The two most important pieces of hockey equipment, according to Milan Hejduk, are his skates and his sticks.
“Everything else is pretty much the same,” the Avalanche right wing says. “These two are pretty personal. Everybody likes different things.”
But even that is changing in what has become a high-tech world of hockey equipment. The wooden stick, once considered as essential as ice, has become rarer than a bench-clearing brawl. Of the more than 700 players employed by the 30 NHL teams, it’s believed only 13 still are using wooden sticks.
from Eric Duhatschek of the Globe and Mail,
When Calgary wins, the formula for success is as simple 1-2-3.
1. Kiprusoff outplays the goalie at the other end of the rink. When he’s engaged, the Finn moves well, plays big, covers lots of net, and generally limits the bad goals that he allows to a manageable few.
2. Iginla, the perfect captain, rallies the troops, by word and deed, with a manner that is rare in today’s NHL. With the team touch-and-go just to make the playoffs, he has turned in a first-star performance in virtually every win they’ve had over the past two weeks.
From Pierre LeBrun at Sportsnet,
Fighting used to be ingrained in hockey culture. These days, however, there seems to be more taste for a kinder, cuddlier game. So is it time for fighting to go?
I can only shake my head at the attention the Jonathan Roy story has received in this country this week.
When did the tree huggers take over this bloody country? When did we all become such bleeding hearts that a junior hockey brawl shocked our collective senses so badly we became outraged?
Update 2:38pm ET: Gare Joyce at ESPN addresses how Patrick Roy’s situation may ultimately affect his legacy with the Montreal Canadiens.
From The Puck Stops Here on FoxSports,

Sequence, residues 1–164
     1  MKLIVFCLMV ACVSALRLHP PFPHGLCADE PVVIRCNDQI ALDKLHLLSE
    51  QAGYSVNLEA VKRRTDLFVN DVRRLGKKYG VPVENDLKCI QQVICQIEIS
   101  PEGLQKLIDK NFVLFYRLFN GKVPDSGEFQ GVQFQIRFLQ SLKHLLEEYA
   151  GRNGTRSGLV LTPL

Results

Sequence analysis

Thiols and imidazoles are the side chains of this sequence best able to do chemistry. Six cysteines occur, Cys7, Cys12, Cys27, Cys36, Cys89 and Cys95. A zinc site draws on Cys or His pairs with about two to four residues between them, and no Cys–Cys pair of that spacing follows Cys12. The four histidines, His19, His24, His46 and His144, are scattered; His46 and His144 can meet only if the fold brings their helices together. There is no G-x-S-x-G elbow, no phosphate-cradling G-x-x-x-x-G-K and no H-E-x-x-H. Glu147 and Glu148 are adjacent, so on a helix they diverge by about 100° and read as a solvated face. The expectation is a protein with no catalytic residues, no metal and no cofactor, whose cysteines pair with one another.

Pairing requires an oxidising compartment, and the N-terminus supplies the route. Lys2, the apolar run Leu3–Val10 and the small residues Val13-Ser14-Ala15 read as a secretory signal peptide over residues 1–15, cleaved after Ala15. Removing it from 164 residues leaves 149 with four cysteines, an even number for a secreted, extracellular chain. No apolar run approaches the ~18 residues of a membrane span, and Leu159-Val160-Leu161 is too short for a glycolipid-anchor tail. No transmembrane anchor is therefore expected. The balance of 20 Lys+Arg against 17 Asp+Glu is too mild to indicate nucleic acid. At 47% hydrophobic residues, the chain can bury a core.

So far this season, there have been 30 Russian players who have played one or more NHL games, down from 57 prior to the lockout. Talent is already being drawn away from the NHL.
The skeptics will argue that the elite Russian talent still comes to the NHL, which is clearly true when one looks at the scoring race. However, some proven NHLers are having good seasons in the Russian Elite League right now and would be able to contribute to any NHL team were they in the NHL. A quick look through the Russian Elite League shows there are teams with former NHLers Aleksey Morozov, Alexander Perezhogin, Oleg Saprykin, Alexei Yashin and Maxim Sushinsky all leading them in scoring.
from Adam Proteau of the Hockey News,
When exactly are we going to see a non-North American hired as a top-level NHL official? Considering the league has employed Europeans as players for some 30 years now, you think it’d be high time somebody – maybe Jari Kurri, maybe Slava Fetisov – scored a prime spot in its management structure.
more and Brian Burke discusses a previous Proteau column…
About Kukla's Korner Hockey
Paul Kukla founded Kukla’s Korner in 2005 and the site has since become the must-read site on the ‘net for all the latest happenings around the NHL.
From breaking news to in-depth stories around the league, KK Hockey is updated with fresh stories all day long and will bring you the latest news as quickly as possible.
Email Paul anytime at email@example.com